Nevertheless, you will always introduce something which, as far as we know, does not exist in reality. Telekinesis, telepathy, and teleportation are not something people can really use in everyday life, so you will find it hard to justify their existence through science alone. You will always need to ‘wing it’ there, because you introduce something which has no base in our world’s reality.

          Human muscles actually can produce more energy than our brain allows for us to use – because if we used the full force our muscles are capable of, we would risk injuring ourselves. That’s why in emergencies, people have moved cars by pure muscle power to save someone. So there you have a source of energy for your telekinesis.

          The brain does use relatively weak energy for thinking, so that would not reach far. Here, you would have to add something else, perhaps a boost a telepath receives (again, remember the unused potential of muscles, if you want to), which allows for them to reach out and tap into another brain. Or make your telepath one who can only read minds when touching someone else (Vulcans from Star Trek work telepathy that way). Then they could connect to the energy of the other brain.

          Teleportation is hardest to work out, because it includes the idea that you can pull a body apart and put it back together without any consequences. It’s not just about the energy needed to transform a body into energy and then back into mass, it’s also about controlling where the second transformation takes place (splicing would be a problem or manifesting through matter – it’s what cost Heimlich from the Brian Helsing series his right lower arm). Therefore, it’s probably a power you should consider not using – unless it’s absolutely plot relevant for you to have a character who can do that.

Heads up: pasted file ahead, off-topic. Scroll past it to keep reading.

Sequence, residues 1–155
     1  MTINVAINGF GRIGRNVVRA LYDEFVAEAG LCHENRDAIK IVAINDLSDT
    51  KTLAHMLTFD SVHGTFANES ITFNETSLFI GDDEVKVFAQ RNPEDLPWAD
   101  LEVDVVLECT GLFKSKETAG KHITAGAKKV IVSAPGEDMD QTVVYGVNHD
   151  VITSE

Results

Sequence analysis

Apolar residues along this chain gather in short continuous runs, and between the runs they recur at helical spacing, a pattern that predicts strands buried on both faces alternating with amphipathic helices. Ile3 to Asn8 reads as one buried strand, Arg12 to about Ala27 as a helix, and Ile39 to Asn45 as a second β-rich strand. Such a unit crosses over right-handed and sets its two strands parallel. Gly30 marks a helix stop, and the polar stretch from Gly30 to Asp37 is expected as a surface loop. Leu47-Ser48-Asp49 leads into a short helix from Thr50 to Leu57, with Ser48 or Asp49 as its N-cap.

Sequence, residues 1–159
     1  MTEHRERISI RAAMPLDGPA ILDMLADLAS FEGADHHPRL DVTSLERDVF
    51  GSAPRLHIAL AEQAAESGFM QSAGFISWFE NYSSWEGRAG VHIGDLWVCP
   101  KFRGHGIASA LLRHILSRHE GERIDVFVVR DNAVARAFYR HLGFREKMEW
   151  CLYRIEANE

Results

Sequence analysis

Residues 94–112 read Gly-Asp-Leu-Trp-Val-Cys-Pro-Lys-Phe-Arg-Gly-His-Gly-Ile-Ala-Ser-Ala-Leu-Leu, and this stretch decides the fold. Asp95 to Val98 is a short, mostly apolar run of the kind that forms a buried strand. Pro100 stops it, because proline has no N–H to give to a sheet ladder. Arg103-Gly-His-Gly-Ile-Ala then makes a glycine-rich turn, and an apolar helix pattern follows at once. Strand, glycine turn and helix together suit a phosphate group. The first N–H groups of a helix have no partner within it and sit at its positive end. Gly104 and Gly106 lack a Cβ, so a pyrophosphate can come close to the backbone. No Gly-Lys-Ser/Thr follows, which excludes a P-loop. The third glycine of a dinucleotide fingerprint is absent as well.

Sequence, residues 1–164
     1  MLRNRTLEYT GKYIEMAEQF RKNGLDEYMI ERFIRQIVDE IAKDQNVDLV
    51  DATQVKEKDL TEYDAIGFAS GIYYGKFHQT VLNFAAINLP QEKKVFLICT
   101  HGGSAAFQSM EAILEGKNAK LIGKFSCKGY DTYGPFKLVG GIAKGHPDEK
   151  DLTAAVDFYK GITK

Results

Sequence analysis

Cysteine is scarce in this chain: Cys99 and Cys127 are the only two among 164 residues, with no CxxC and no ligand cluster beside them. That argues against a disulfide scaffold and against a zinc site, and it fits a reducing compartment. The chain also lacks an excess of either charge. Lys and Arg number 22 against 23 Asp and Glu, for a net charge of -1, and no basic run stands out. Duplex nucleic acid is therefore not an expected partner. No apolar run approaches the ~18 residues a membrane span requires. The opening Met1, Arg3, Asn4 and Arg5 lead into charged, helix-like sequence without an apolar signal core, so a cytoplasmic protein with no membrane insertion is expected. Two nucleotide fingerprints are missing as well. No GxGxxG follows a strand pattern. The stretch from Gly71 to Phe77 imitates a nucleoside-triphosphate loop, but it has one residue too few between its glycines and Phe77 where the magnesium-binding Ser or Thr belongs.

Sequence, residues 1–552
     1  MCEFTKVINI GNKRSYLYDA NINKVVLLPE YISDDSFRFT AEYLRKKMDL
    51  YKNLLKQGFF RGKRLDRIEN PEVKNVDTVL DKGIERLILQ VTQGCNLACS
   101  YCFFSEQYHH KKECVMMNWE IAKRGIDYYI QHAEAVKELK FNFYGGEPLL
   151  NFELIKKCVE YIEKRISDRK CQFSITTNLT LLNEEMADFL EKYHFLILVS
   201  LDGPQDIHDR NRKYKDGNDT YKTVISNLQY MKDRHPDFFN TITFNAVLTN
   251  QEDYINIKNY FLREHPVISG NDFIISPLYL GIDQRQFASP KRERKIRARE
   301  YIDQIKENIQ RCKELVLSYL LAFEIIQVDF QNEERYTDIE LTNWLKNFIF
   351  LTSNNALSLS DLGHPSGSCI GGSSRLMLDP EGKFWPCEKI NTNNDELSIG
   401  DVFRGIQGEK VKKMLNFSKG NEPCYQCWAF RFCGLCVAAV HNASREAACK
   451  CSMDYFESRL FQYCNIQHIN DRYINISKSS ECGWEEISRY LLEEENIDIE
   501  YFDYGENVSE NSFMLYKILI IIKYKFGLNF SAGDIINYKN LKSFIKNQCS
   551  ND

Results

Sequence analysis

Or you blame all psychic powers on quantum and be done with it, but I doubt you want to take that way out, otherwise you wouldn’t have been plotting that much already.

          • Bubbles

            Thanks for the reply!

            About the Avatar thing, what you are saying makes more sense to me now. In fact, I suspect it might make more sense than what Chris Winkle says in the original article. While she does talk about how it adds limitations, that doesn’t actually seem to be her primary focus. As just one example, she talks about choosing only one source of magic – but I think it’s possible to have multiple sources and still have well-thought out and limited magic systems. It could make for some interesting stories – devout priests who get power from their deities versus irreligious wizards who use their own will as magic, bio-mages who draw upon the weak but flexible power of living organisms versus geo-mages who draw upon the mighty yet unsubtle power of the land itself…

            Incidentally, all examples you have given, Cay Reet, are about how (most) magic-users cannot use all types of magic; do you think that a system in which magic-users could learn all possible magic (at least theoretically) but what is possible for magic in total is strictly limited could work? (For example, no effects that cover too large an area or are too far from the caster or use too much energy…)